Thursday, April 1, 2010

DataSource in Jetty through JNDI

Prerequesite: Please ensure JNDI is configured properly and you can pass parameters to Jetty via JNDI.

First, you need to add the used libraries to Jettys classpath. In my case, I wanted commons-dbcp (alternative: c3p0) over an H2 database, so I added the following to my pom.xml


      <plugin>
        <groupId>org.mortbay.jetty</groupId>
        <artifactId>jetty-maven-plugin</artifactId>
        <version>7.0.1.v20091125</version>
        <dependencies>
          <dependency>
            <groupId>commons-dbcp</groupId>
            <artifactId>commons-dbcp</artifactId>
            <version>1.4</version>
          </dependency>
          <dependency>
            <groupId>com.h2database</groupId>
            <artifactId>h2</artifactId>
            <version>1.2.131</version>
          </dependency>
        </dependencies>
      </plugin>

On Jetty standalone, I copied the libraries to the lib/ext directory and added ext to the options in start.ini. Please note that commons-dbcp also requires commons-pool.

Next, add the configuration of your DataSource to jetty-env.xml:


<?xml version="1.0"?>
<!DOCTYPE Configure PUBLIC "-//Mort Bay Consulting//DTD Configure//EN" "http://jetty.mortbay.org/configure.dtd">
<Configure id="thisfile" class="org.eclipse.jetty.webapp.WebAppContext">
  <New class="org.eclipse.jetty.plus.jndi.Resource">
    <Arg><Ref id="thisfile"/></Arg>
    <Arg>jdbc/nameOfMyDatabase</Arg>
    <Arg>
      <New class="org.apache.commons.dbcp.BasicDataSource">
        <Set name="url">jdbc:h2:/path/to/your/DataBase</Set>
      </New>
    </Arg>
  </New>
</Configure>

To actually have access to the datasource, you also need modify web.xml to declare that you want a resource unter this name:


  <resource-ref>
    <res-ref-name>jdbc/nameOfMyDatabase</res-ref-name>
    <res-type>javax.sql.DataSource</res-type>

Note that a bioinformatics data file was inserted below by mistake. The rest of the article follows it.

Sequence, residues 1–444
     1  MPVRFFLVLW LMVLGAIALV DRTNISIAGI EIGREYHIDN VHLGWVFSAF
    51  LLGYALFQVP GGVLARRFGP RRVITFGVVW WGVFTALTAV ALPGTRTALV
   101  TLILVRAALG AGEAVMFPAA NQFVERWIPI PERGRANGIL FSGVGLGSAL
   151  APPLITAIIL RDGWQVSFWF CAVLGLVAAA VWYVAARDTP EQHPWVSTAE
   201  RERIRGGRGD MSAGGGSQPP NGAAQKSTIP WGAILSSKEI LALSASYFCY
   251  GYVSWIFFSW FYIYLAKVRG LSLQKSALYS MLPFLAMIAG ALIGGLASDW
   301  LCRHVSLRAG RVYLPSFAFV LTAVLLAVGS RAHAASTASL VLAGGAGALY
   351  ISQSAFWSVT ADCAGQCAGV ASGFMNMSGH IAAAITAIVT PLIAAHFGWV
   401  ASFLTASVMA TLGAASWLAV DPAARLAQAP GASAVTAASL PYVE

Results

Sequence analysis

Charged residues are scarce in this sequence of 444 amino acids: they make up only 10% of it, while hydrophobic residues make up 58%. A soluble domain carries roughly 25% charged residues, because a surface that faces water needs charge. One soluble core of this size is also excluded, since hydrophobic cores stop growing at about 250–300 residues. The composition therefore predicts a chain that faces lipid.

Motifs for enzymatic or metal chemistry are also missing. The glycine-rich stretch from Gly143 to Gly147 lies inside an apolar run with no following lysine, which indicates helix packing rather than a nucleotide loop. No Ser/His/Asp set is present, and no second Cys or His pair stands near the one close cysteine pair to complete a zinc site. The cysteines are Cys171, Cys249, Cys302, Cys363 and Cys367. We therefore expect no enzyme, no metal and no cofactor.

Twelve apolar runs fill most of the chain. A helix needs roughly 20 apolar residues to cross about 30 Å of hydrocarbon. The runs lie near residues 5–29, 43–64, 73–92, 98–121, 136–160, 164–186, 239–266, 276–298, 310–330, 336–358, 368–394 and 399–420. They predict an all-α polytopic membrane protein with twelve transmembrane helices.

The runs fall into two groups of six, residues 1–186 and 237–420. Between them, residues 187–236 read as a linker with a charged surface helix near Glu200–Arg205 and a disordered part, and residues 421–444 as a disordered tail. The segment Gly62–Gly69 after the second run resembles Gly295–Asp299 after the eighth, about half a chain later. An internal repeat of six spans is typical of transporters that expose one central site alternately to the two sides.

<res-auth>Container</res-auth>
  </resource-ref>

The database is now available as DataSource at java:/comp/env/jdbc/nameOfMyDatabase and can be used directly in tools such as hibernate by setting hibernate.connection.datasource to this value.

Background: Hibernate did not properly release the database connection when the WebApp shut down. This resulted in Exceptions when trying to undeploy and deploy the webapp without killing Jetty, as the embedded database existed both in the old and the new context. By moving the connection out of the WebApp, and into Jetty's responsibility, the embedded database driver now only exists in Jetty's context. Adding the connection pool is just decoration.

Passing parameters to Jetty 7 via JNDI

If you have the jetty-maven-plugin properly configured in the pom.xml, then everything is already set up.

For Jetty Standalone, please see my other post about configuring JNDI in jetty standalone.

Passing parameters through JNDI proved to be very simple. In src/main/webapp/WEB-INF create a file jetty-env.xml, with the following contents:


<?xml version="1.0"?>
<!DOCTYPE Configure PUBLIC "-//Mort Bay Consulting//DTD Configure//EN" "http://jetty.mortbay.org/configure.dtd">
<Configure id="thisfile" class="org.eclipse.jetty.webapp.WebAppContext">
  <New class="org.eclipse.jetty.plus.jndi.EnvEntry">
    <Arg><Ref id="thisfile"/></Arg>
    <Arg>paramname</Arg>
    <Arg type="java.lang.String">A sample parameter value</Arg>
    <Arg type="boolean">false</Arg>
  </New>
</Configure>

You can then load your parameter through the standard naming context:


import javax.naming.Context;
import javax.naming.InitialContext;
...
Context initCtx = new InitialContext();
Context envCtx = (Context) initCtx.lookup("java:comp/env");
String param = (String) envCtx.lookup("paramname");

Of course, you can add other parameters, rename paramname to something that makes more sense, or use other data types. Please note: Jetty supports more datatypes than required by the J2EE standard.

Configuring Jetty 7 standalone for JNDI

Configuring Jetty 7 for JNDI can be a bit tricky. If you miss any of these points, you may end up passing JNDI parameters, but they will not be available in your webapp.

  1. Ensure the plus libraries are loaded. You can to this by adding the option plus in Jetty's start.ini
  2. Ensure jetty is configured to use the plus configuration classes. You can do this by adding the following inside the context, or the jetty-env.xml:
      <Set name="ConfigurationClasses">
        <Array id="plusConfig" type="java.lang.String">
          <Item>org.eclipse.jetty.webapp.WebInfConfiguration</Item>
          <Item>org.eclipse.jetty.webapp.WebXmlConfiguration</Item>
          <Item>org.eclipse.jetty.webapp.MetaInfConfiguration</Item>
          <Item>org.eclipse.jetty.webapp.FragmentConfiguration</Item>
          <Item>org.eclipse.jetty.plus.webapp.EnvConfiguration</Item>
          <Item>org.eclipse.jetty.plus.webapp.Configuration</Item>
          <Item>org.eclipse.jetty.webapp.JettyWebXmlConfiguration</Item>
          <Item>org.eclipse.jetty.webapp.TagLibConfiguration</Item>
        </Array>
      </Set>
    

    The documentation suggests adding etc/jetty-plus.xml to the startup, which would make this configuration available as plusConfig to refer to. This did not work on my machine.

You can now continue with Passing parameters to Jetty 7 via JNDI.

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